Sony's $3,000 MiniDisc PC from Japan – Vaio PCV-MX2

Sony's $3,000 MiniDisc PC from Japan – Vaio PCV-MX2

Show Video

[peaceful jazz tunes] Greetings folks and this time on LGR we're looking at a rather excellent machine from Japan: the Sony Vaio PCV-MX2 from the year 2000. It is quite the eye-catching system with that blood orange LCD screen and chunky volume knob, looking more like a part of a midsize stereo system than a PC, and that's not the only hi-fi similarity. It's also packing a built-in amplifier, CD player, FM radio, remote control, and a MiniDisc drive. Yeah! Right below its fancy slot-loading DVD-ROM is a straight-up MiniDisc recorder mounted inside, usable both on its own without the PC powered up or in conjunction with Sony MiniDisc authoring software for Windows.

Ooh this is going to be fun to dive into, so I hope you're in the mood for the late nineties Sony multimedia PC experience. Ever since Sony introduced the Vaio line in 1996, these computers always stood out from the desktop PC crowd in my mind. Compared to all the countless beige and white towers, Vaios were a breath of fresh air.

With Sony's classic design sensibilities and the series' trademark silver and blue color scheme. Though I wish the MX2 had more blue accents, as seen in Sony's advertising where they added more color and boosted the saturation, with more vibrancy than I've ever seen on a Vaio in person. Whatever, either way, I like how they look and the PCV-MX2 is one of my favorites. As for what it cost back in 2000, well, it's hard to say precisely, since there was no suggested retail price. Instead, Sony listed it using the "open price" concept, allowing individual Japanese retailers to determine how much to sell it for based on current market conditions, meaning prices could vary from store to store.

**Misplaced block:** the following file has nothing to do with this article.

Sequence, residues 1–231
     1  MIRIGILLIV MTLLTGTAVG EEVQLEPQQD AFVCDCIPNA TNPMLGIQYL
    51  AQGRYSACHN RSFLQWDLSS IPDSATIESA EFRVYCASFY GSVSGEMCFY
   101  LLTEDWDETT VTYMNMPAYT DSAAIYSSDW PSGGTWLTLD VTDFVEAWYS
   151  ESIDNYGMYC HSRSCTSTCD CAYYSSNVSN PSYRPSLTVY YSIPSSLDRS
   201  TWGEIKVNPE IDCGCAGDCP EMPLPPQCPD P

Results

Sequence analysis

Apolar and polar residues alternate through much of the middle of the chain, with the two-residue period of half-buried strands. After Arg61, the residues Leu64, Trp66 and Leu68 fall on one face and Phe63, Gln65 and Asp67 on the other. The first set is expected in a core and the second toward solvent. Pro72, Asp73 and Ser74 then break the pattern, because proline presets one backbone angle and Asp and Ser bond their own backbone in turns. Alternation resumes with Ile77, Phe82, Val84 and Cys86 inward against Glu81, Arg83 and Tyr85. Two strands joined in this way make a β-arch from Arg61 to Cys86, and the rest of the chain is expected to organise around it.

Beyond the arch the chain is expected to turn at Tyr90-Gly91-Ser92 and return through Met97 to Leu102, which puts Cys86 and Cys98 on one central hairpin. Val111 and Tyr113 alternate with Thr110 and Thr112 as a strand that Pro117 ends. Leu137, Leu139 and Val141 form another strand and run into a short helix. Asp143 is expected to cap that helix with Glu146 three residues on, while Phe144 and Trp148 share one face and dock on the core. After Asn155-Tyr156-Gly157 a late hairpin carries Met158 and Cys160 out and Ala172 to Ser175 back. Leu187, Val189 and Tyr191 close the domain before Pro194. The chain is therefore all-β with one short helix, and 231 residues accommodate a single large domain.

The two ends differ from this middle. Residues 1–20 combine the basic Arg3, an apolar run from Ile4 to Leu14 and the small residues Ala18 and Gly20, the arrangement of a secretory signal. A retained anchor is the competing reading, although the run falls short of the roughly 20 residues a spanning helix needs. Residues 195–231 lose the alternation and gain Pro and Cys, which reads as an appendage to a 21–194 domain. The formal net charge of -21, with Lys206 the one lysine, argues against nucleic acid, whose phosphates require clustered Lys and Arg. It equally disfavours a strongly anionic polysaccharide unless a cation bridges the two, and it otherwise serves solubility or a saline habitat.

For the most part though, it seems the PCV-MX2 sold for between 330 to 440,000 yen or around 3 to 4,000 US dollars, roughly 5 to $6,000 or so adjusted for inflation. Yeah, Vaios were a lot of things, but low cost was never one of them, and that was another reason I was drawn to them back then. The price made them unobtainable, and no one I knew ever had one, so they always seemed like a status symbol. Doubly so with the Vaios we never got in the US, like the original PCV-MX series.

This initial line of MiniDisc-equipped machines was produced and sold exclusively in Japan between 1999 and 2001, beginning with the PCV-MX1, quickly followed up with the MX2 I have, and then the MX3 and MX5 models in 2000 and 2001. We are sticking to the MX2 though, which came in three configurations. One with an LCD monitor, one with a CRT, and one with a speaker-equipped CRT that connected to a TV tuner card. Each model MX2 had the same specs otherwise. Starting with the CPU, a respectable 750 megahertz Intel Pentium III processor, paired with 64 megabytes of PC100 SDRAM, a standard if unimpressive amount and speed in 2000.

For storage, there's a 30 gigabyte IDE hard drive with Windows 98 Second Edition, and a whole lot of OEM software installed, and graphics are handled by a 16 megabyte Nvidia Riva TNT2 from ASUS. An AGP 4X card with DVI, S-Video, and VGA output. Sound is handled by an integrated chip on the motherboard, but it's surprisingly good. It's an AU8830 Aureal Vortex 2, supporting A3D 2.0 for spatial effects

and pseudo-surround sound in stereo, and the audio situation gets even better from there. The MX2 also has a built-in stereo amplifier, with audio jacks for unpowered speakers, line level RCA output, and optical in and out. Originally, it would have come with this pair of unpowered Vaio speakers, neatly completing the bookshelf hi-fi aesthetic, but mine unfortunately didn't, so I'm using this random set of Sonys I found at a thrift store. Unlike the original speakers, they're not magnetically shielded, and it's not a great idea to put them up against a CRT, so I'm using this 15-inch LCD monitor, a Sony SDM-M51.